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By Ed Kilgore
While mulling some recent material from The Bulwark, I thought I’d explain something to the converted “Never Trumpers” the outlet represents, and did so at New York:
For a while now I’ve had a guilty-pleasure reading habit: The Bulwark, that semi-official outlet of Never Trumpers who view themselves as having definitively broken with the GOP thanks to their former party’s thralldom to Donald J. Trump. I share its contributors’ belief that they (the tribe usefully described by Miller as Red Dog Democrats) represent not just a self-promoting claque of elite scribblers but a real if marginal faction of the Democratic Party, having burned a lot of bridges on their way out of the GOP. Their views appear to parallel those of a significant number of suburban Republicans and independents who voted Democratic in 2018 and 2020. And given the very close balance between voters of the two parties, as reflected most recently in 2020, Democrats really can’t afford to contemptuously reject any potential adherents, however alien or even repugnant they might find their backgrounds.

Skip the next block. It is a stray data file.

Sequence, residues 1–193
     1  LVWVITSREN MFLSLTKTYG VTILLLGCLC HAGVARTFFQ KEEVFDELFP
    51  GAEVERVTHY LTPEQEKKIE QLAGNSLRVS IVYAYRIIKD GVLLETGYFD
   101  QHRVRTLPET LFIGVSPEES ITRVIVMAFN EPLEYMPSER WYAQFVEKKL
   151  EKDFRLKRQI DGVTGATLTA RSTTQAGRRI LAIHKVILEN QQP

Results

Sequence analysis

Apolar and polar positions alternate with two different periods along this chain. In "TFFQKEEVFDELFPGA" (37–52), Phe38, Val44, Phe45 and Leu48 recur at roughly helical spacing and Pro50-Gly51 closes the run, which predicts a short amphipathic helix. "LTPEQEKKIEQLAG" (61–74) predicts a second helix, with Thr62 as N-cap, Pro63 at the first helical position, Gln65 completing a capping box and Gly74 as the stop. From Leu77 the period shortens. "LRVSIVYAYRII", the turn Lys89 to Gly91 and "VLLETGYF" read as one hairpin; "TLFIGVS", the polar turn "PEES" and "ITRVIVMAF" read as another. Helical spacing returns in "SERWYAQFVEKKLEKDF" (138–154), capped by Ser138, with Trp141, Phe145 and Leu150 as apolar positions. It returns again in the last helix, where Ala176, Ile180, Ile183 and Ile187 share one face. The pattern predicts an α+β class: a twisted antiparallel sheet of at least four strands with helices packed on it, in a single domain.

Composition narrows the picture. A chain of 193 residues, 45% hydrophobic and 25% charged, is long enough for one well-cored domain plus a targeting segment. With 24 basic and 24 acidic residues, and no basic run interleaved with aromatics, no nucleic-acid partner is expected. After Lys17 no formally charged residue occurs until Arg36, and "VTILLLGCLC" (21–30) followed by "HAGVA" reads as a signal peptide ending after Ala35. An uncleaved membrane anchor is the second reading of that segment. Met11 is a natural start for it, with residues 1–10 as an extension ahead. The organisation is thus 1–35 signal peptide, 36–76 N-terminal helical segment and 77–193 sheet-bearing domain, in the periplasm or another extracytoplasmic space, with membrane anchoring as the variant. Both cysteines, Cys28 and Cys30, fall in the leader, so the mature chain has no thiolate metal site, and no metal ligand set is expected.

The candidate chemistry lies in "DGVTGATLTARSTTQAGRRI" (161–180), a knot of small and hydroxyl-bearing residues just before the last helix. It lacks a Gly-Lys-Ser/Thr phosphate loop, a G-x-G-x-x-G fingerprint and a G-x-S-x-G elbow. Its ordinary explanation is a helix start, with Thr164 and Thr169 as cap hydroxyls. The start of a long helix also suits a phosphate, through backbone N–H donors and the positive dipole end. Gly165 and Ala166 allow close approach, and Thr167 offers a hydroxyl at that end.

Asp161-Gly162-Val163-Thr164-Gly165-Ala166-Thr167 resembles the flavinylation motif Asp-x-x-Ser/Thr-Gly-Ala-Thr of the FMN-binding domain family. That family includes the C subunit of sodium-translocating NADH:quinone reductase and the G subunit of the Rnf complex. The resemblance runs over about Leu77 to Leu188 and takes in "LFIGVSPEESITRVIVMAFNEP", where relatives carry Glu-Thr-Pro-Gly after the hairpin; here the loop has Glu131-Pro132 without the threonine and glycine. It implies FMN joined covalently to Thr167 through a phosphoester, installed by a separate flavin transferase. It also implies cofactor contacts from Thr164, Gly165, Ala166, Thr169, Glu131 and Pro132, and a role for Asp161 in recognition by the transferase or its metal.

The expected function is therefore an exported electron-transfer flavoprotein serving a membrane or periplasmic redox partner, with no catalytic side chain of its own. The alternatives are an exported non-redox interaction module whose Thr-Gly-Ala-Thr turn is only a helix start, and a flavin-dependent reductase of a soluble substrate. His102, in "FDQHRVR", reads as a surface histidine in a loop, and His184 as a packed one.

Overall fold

So it’s understandable when Bulwark co-founder Charlie Sykes expresses frustration that Democrats refuse to consider their pleas for policy concessions on grounds of holding old grudges:
“The spending. The wokeness. The repeal of the Hyde Amendment. I could go on …
“These are difficult times for folks on the center-right, who’ve tried to join Democrats in a loose alliance to protect the Republic from Trumpism …
“Litmus tests are applied: it’s not enough to be pro-democracy, NTers are also expected to embrace the elements of the progressive agenda — from free community college, to abortion, rent moratoriums, police funding, transgenderism, CRT, social spending, and the candidacy of Greta Thunberg for sainthood.”
Sykes fears it’s all very personal, and warns, “If you cancel moderates/conservatives for their past sins, you don’t have a coalition.”